Scaling scone mountain


Today’s guest picture comes from my brother Andrew who has just got round to sorting through some more of his Marseille pictures.  This one shows the village of L’Estaque and a view popular with Braque, Cezanne and other famous painters.


The wind did move round today as forecast but it was neither as strong not brought so much rain as we were told to expect.  And the promised warmer weather didn’t arrive and in the end, we were left with a grey, uninspiring and dull day.

However, the morning was brightened considerable by the arrival of Dropscone tottering under the weight of a huge quantity of drop scones…

drop scones
There may be a baker’s dozen there.

…but we managed to dispose of them in fine style, aided by a little local honey and some Ethiopian coffee.

While we  were sipping and chatting, a sudden and unexpected flash of colour outside the kitchen window caught my eye.  It was a greater spotted woodpecker, a very rare visitor to the garden indeed.  I didn’t have my flying bird camera to hand but snatched up the Lumix, zoomed out to max and shot from where I was sitting at the table.

Greater spotted woodpecker in garden

The result was a tribute to the camera on a gloomy morning.  I got up to get a better look and the bird flew off in an instant, never to return.

When Dropscone had gone home, I got to work sieving some more compost.  Mrs Tootlepedal has used all my previous pile in her flower bed improvement scheme and tells me that she can do with lots more so I will try to keep sieving a little each day.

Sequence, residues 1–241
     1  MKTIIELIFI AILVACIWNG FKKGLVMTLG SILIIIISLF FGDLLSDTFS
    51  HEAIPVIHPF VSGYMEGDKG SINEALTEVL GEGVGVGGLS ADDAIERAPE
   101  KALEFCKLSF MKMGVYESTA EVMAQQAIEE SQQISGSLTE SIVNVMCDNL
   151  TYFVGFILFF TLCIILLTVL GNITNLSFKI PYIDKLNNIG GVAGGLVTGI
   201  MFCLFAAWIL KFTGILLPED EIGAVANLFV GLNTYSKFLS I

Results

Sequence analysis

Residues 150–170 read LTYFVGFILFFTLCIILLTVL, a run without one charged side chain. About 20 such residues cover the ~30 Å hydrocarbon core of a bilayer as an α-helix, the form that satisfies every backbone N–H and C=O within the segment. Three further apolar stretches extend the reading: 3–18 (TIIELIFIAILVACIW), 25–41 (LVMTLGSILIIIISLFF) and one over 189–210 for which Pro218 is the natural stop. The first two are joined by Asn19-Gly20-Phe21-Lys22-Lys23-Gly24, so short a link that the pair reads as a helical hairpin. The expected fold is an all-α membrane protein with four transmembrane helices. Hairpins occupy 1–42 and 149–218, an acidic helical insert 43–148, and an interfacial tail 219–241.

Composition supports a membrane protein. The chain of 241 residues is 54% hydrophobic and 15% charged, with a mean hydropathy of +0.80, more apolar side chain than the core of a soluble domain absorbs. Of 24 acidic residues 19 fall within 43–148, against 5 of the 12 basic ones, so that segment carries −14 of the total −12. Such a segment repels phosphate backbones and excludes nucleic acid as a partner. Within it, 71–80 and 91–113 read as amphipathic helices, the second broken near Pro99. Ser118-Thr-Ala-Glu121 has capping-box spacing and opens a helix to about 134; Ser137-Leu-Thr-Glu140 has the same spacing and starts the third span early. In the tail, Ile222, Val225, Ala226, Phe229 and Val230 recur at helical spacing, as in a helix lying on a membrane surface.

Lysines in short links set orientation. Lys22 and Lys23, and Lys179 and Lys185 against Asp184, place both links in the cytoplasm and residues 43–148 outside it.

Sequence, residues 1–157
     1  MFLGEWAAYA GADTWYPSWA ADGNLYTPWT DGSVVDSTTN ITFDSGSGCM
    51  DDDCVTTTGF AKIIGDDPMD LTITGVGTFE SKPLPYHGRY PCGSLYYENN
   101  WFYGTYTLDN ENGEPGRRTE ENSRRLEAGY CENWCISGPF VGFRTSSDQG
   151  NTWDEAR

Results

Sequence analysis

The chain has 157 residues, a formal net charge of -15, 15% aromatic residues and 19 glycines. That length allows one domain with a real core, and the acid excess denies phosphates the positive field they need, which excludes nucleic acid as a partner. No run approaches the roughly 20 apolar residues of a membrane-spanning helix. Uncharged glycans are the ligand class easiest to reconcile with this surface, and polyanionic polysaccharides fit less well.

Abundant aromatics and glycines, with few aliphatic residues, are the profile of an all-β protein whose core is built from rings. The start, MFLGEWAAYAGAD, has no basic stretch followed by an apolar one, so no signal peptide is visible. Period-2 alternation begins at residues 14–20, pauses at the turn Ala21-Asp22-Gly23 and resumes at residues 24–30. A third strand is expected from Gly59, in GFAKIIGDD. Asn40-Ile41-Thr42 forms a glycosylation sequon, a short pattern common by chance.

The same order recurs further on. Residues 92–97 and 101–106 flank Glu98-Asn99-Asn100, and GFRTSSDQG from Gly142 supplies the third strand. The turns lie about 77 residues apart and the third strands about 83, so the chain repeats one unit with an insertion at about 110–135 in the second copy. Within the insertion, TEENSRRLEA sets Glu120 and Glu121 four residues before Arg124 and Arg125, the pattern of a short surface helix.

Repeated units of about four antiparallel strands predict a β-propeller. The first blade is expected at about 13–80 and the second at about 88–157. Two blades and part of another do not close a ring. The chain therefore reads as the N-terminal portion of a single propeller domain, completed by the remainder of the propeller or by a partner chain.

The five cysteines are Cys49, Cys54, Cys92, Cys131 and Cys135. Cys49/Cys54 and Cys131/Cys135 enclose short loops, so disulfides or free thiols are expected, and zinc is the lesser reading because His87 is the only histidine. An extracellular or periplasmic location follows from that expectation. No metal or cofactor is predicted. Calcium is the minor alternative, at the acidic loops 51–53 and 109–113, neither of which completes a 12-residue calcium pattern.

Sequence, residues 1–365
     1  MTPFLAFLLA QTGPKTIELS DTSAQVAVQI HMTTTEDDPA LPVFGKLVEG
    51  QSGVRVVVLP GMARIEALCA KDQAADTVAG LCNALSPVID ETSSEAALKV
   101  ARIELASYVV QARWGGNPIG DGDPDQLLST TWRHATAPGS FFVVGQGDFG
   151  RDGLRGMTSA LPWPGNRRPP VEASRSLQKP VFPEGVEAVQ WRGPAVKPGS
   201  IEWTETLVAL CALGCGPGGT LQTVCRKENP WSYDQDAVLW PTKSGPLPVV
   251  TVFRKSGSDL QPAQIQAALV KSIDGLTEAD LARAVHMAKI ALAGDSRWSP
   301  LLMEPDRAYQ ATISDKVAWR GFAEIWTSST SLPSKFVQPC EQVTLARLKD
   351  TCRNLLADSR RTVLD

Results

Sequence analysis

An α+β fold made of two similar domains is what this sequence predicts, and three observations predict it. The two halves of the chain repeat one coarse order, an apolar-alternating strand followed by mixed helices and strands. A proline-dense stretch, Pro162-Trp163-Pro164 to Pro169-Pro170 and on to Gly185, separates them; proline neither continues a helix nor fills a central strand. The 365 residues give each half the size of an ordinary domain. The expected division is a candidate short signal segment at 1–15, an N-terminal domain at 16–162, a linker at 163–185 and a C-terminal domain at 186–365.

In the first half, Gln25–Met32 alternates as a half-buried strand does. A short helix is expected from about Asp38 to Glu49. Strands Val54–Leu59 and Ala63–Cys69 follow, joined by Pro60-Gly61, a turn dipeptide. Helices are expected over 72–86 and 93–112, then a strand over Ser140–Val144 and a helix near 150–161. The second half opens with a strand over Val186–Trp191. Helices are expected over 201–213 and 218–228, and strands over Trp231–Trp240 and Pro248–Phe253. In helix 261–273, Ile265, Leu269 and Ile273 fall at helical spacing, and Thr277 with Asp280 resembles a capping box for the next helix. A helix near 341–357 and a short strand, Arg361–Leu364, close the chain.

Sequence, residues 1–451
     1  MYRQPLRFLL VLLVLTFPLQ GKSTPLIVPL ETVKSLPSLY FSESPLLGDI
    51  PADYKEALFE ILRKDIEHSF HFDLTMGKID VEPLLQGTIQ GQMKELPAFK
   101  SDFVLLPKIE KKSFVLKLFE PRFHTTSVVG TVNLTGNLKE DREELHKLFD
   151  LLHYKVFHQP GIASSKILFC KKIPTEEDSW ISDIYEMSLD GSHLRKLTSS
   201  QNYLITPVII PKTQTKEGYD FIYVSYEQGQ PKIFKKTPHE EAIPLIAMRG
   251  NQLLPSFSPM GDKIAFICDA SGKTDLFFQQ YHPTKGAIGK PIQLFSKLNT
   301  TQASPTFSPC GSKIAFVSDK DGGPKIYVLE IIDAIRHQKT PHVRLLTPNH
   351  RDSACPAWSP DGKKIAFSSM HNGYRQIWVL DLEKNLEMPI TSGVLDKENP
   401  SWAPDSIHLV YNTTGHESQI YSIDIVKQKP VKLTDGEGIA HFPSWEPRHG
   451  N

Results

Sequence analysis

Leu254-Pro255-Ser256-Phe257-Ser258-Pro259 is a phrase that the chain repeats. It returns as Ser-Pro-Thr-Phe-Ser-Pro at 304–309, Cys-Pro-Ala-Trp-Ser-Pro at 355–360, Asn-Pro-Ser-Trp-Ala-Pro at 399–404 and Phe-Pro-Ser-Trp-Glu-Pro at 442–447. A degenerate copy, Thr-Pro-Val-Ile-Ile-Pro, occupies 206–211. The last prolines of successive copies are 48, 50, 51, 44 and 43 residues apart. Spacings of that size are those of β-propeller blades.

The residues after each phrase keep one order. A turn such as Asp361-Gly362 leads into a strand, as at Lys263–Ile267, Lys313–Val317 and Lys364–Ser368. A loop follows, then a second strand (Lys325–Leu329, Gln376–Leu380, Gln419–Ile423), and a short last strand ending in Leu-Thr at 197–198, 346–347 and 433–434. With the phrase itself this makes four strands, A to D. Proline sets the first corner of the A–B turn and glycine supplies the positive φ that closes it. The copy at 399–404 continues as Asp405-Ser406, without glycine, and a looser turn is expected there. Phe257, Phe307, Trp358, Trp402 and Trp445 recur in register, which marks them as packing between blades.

I had a look at the birds when I went in and while there was no shortage of goldfinches, there always seemed to be one more about than there were perches available.


After lunch, the goldfinches had been replaced by chaffinches.


There was a hint of drizzle in the air but I was up for a short stroll and Mrs Tootlepedal was keen to show me the Roman fort where she had been working with the archaeologist so we drove up the hill and had a wander about.

Regular readers will know that it is against the law to go past Skippers Bridge on a good day without taking a picture so we stopped on our way to the fort to do our duty.

Skippers Bridge in Autumn

Skippers Bridge in Autumn

The fort itself, although quite large, has not got much to show for itself on the surface…

Roman Fort
This is the boundary mound, the most exciting thing on show.

…but it was built on the top of a small hill with splendid views up the Esk and Tarras valleys.

Tarras valley
Looking across the Tarras
Looking up the Esk
Looking up the Esk

The field itself was full of  fungus.

fungus at the fort

We walked round the outside of the fort site and then visited a beautiful old oak wood just below it.

Oak wood

As we walked through the wood, we could hear the regular sounds on acorns falling to the ground.


The trees were covered with acorns and there were many more fungi here too.

fungus and acorns

I’ll have to try to get back on a better day for taking photographs.

While we were in the area, we decided to go the Moorland Feeders bird hide for a while.

We were entertained by the usual crop of small birds and were thinking about going when a woodpecker arrived.  I only had my Lumix with me so I wasn’t have much luck trying to focus the zoom on fidgety birds when the arrival of a bird of prey which flashed through the glade and perched in a tree…